A third method for favoring the formation of either the anodic or cathodic reaction products involves the use of one electrode material which is an efficient oxidizer while the counter electrode is made of a material possessing a poor ability to reconvert the product produced at the first electrode, as is taught, for example, in U.S. Pat. Nos. 4,936,970 and 4,971,666.
The present invention relates to a bipolar electrode useful in bipolar stack electrochemical cells. In order to avoid the deficiencies of the prior art in undivided cells of unequal anode/cathode surface areas, one of the faces of the bipolar electrode is patterned in a special manner, reducing the available surface area. In one embodiment, electrocatalytically active material is applied in a manner that distributes the active areas in a carefully engineered pattern that provides excellent current distribution, but over a much reduced area. In another embodiment, one face of a bipolar electrode is masked in such a manner that the electrochemically active electrode surface is exposed in a pattern. In all embodiments, it is preferred that the surface area ratio of the electrocatalytically active areas or exposed electrode areas of the electrode surface to the total area of the other electrode surface is between 1:2 to 1:50.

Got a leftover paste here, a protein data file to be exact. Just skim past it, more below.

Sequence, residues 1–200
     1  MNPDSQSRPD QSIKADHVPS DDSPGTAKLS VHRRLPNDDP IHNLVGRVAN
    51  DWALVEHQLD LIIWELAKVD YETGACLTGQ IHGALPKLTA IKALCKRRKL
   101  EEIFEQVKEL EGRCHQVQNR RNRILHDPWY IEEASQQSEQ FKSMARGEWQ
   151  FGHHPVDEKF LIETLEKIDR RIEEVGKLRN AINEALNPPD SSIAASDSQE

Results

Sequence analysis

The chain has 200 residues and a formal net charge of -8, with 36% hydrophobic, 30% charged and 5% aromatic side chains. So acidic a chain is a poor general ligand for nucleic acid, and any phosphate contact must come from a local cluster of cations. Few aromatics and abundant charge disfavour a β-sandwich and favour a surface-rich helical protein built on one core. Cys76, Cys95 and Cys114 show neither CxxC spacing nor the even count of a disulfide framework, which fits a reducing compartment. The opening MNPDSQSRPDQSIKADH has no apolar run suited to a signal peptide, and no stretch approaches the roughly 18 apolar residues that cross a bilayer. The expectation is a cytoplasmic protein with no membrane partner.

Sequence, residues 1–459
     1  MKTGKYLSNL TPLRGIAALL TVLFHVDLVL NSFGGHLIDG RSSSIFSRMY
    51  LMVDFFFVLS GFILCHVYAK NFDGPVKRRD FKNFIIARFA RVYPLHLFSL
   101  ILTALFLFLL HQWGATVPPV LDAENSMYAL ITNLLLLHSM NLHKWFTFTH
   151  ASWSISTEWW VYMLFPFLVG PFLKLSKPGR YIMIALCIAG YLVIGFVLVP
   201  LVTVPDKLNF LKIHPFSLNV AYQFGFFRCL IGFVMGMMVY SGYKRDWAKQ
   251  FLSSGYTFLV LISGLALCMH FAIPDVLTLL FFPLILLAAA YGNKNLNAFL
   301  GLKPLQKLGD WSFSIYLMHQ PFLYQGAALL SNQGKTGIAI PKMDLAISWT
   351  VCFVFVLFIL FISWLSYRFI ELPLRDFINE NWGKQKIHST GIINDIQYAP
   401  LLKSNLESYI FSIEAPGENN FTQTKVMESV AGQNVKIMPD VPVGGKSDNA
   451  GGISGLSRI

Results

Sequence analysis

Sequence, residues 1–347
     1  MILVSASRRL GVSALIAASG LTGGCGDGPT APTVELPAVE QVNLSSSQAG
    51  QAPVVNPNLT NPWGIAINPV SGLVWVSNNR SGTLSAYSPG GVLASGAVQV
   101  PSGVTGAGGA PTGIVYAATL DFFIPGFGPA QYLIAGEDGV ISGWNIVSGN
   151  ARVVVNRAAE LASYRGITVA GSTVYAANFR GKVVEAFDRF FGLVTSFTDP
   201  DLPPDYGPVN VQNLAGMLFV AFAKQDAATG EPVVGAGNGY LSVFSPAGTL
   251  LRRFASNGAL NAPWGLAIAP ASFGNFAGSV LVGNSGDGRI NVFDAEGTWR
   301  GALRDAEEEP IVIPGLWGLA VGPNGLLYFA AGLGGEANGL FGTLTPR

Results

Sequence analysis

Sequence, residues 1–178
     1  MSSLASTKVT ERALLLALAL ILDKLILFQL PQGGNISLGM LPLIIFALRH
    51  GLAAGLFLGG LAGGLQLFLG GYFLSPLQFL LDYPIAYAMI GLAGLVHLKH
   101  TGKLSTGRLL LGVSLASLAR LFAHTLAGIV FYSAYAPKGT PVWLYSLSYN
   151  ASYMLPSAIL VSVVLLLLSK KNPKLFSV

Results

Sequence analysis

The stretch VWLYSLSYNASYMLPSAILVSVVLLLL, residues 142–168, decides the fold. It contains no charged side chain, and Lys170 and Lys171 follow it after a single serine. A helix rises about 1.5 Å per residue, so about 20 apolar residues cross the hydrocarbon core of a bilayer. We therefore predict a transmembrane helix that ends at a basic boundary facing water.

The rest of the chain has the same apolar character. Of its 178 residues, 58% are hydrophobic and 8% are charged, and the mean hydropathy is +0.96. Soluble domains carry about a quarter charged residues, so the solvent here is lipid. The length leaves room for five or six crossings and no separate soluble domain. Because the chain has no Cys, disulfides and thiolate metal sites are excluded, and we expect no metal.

In a broad aspect, the invention relates to a bipolar electrode, said electrode comprising an electrically conductive substrate, said substrate having opposed electrode surfaces, one of said faces including a pattern of linear ridges of electrocatalytic material, wherein the ratio of the area covered by said electrocatalytic material to the total area of the patterned electrode face is in a range of from 1:2 to 1:50.
According to another broad aspect, the invention relates to a method for converting Ce+4 to Ce+3 comprising contacting Ce+4 with a bipolar electrode wherein the bipolar electrode comprises an electrically conductive substrate, said substrate having opposed electrode surfaces, one of said faces including a pattern of linear ridges of electrocatalytic material, wherein the ratio of the area covered by said electrocatalytic material to the total area of the patterned electrode face is in a range of from 1:2 to 1:50.